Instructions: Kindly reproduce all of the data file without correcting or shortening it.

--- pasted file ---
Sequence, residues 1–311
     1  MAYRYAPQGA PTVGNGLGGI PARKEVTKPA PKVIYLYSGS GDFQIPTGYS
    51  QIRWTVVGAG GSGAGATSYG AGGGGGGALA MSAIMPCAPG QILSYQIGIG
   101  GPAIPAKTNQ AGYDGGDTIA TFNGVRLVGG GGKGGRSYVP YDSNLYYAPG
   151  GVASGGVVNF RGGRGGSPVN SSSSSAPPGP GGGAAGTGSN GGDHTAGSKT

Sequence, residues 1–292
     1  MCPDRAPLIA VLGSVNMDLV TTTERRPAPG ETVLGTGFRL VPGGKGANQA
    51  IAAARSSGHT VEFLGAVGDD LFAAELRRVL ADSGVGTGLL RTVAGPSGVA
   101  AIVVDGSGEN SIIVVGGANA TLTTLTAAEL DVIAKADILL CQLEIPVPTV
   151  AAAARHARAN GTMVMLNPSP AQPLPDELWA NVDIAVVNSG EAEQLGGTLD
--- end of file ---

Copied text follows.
Sequence, residues 1–311
     1  MAYRYAPQGA PTVGNGLGGI PARKEVTKPA PKVIYLYSGS GDFQIPTGYS
    51  QIRWTVVGAG GSGAGATSYG AGGGGGGALA MSAIMPCAPG QILSYQIGIG
   101  GPAIPAKTNQ AGYDGGDTIA TFNGVRLVGG GGKGGRSYVP YDSNLYYAPG
   151  GVASGGVVNF RGGRGGSPVN SSSSSAPPGP GGGAAGTGSN GGDHTAGSKT

Sequence, residues 1–292
     1  MCPDRAPLIA VLGSVNMDLV TTTERRPAPG ETVLGTGFRL VPGGKGANQA
    51  IAAARSSGHT VEFLGAVGDD LFAAELRRVL ADSGVGTGLL RTVAGPSGVA
   101  AIVVDGSGEN SIIVVGGANA TLTTLTAAEL DVIAKADILL CQLEIPVPTV
   151  AAAARHARAN GTMVMLNPSP AQPLPDELWA NVDIAVVNSG EAEQLGGTLD